DPC DATA tool to map directly to underlying obligors of muni debt

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DPC DATA is rolling out an obligor- and sector-mapping methodology tool to identify the direct obligor in each muni transaction, with its only criterion being 'credit,' as part of its MuniCREDIT Solutions portfolio.

It then will re-map all sector classifications based on this identification, the firm said.

The new product is an offshoot of development work on financial data DPC DATA has been collecting and working on, said President Ken Hoffman.

The new product is an offshoot of development work on financial data that DPC has been collecting and working on in the past few years, said DPC DATA President Ken Hoffman. This particular tool has been under development for the past year.

“Anyone in the muni market knows there is a lot of legacy reference data we have now that does not have a consistent way to identify or drill down into the underlying obligors,” said Triet Nguyen, vice president of strategic data operations at DPC. “Legacy systems often simply identify purpose but not who the obligor is. Who is paying the debt service? All too often, they default to vague categories such as 'Facilities' or even 'Miscellaneous,’” he said. “This is an industry problem we’re trying to solve.”

The two largest reference providers in the muni space are Bloomberg and ICE, which are widely used across the municipal market.

All existing obligor identification systems typically rely on the issuer itself, the borrower/guarantor, the security pledge, the purpose and use of bond proceeds and the party responsible for disclosure compliance. DPC’s view is that the borrower and the security pledge stand out as the basis for identifying the ultimate obligor.

Nguyen said bond pricing is probably one of the primary applications for this new tool. Participants have been having problems trying to find comparable trades and DPC’s goal is to help them drill down to find better reference data, he said.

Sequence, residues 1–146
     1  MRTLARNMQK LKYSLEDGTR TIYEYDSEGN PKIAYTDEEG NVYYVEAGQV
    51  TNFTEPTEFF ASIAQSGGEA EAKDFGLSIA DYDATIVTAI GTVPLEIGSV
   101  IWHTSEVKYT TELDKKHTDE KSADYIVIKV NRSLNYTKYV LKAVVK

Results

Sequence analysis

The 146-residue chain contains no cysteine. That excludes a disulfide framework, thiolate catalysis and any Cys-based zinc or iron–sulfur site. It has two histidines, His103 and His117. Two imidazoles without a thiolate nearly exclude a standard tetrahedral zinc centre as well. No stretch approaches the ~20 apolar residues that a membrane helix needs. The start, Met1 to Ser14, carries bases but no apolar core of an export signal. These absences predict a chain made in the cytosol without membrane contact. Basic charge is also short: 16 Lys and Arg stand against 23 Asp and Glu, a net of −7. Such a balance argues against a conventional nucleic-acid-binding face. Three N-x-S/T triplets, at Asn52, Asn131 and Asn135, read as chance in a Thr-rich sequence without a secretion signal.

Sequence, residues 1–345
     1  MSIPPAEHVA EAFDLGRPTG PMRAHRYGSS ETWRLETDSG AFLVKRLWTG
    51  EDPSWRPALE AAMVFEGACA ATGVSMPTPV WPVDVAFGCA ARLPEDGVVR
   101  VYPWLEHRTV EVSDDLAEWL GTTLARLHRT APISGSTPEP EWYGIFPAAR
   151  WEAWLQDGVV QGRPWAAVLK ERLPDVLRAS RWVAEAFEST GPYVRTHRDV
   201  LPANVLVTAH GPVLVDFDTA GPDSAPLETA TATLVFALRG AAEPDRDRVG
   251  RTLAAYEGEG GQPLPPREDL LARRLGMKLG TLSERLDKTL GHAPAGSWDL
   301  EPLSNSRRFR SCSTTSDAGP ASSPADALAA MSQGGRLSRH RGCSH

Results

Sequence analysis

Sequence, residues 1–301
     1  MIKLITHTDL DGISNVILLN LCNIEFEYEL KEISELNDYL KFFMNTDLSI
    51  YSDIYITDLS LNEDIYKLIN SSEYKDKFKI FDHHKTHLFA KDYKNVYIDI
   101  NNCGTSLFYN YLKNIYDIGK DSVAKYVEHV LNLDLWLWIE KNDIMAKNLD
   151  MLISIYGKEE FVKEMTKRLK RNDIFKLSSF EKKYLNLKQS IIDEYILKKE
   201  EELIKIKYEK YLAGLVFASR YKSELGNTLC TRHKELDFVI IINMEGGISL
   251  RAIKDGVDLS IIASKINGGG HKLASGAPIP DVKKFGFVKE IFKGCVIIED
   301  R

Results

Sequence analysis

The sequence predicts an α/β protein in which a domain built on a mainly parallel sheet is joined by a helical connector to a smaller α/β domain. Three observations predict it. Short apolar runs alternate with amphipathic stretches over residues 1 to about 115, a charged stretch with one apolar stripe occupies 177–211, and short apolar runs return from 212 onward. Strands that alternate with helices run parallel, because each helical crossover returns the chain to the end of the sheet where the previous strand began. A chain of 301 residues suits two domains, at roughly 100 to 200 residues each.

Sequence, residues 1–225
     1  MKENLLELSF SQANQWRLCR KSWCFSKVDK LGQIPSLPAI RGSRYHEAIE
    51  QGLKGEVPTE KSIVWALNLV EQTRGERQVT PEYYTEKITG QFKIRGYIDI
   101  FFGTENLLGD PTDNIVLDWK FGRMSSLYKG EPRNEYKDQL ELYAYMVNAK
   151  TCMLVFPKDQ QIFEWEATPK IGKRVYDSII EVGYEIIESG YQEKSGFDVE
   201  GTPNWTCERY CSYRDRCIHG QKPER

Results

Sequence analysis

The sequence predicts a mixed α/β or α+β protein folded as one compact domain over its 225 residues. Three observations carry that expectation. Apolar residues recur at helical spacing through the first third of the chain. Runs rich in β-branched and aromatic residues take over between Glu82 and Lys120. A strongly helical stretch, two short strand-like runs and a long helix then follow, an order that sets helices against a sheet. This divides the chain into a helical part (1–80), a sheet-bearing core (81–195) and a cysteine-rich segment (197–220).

DPC DATA identified four areas the tool is expected to address: Risk identification and aggregation; compliance with investment diversification rules; trading; and bond pricing and evaluation.

“Accurate obligor identification can allow any matrix-based bond evaluation system to improve pricing accuracy and reduce manual intervention by pricing analysts,” a release said.

The goal is to identify the sector and subsector, focus on the nature of the borrower and or the pledged revenue source and not on use of proceeds.

As an example, DPC pointed to linking an enterprise fund obligor to the host general government obligor, for example Chicago water revenue bonds to the City of Chicago. The Chicago Water Authority can be found under the umbrella of the city itself, but is clearly a different obligor than the city.

Another example is to link a municipal pool program or bond bank to the individual credit of each participant in those pools or the joint action agency to the participant obligors.

Nonprofit higher-ed and healthcare deals, issued through conduits, are also examples of what data the tool seeks to provide.

Ronak Patel, vice president of product management, said the obligor and sector data is mapped to the CUSIP-9 level.

It’s currently tough to do comparisons between two entities and two different sectors, such as healthcare, comparing hospitals to assisted living facilities, he said.

“It’s not as simple as comparing two different types of revenue streams. You cannot compare cities and counties, who rely on property taxes as their primary source of revenue, to that of states that do not,” Patel said.

At this point, the tool is a stand-alone data feed that users can integrate into their own systems; however the goal is to eventually build out a user interface.

“We have been trying to at least correctly identify the correct obligors with about 100 sectors and subsectors to have something more precise that, say, the broker-dealer side can trade off of,” Patel said.

There is a lot of granularity to the sector classification, Nguyen said. “Analytically, it will be very fascinating to see how people use it. In the current environment, they can quickly identify their portfolio exposure to sectors most affected by COVID-19, such as Dedicated Tax issues, etc.”

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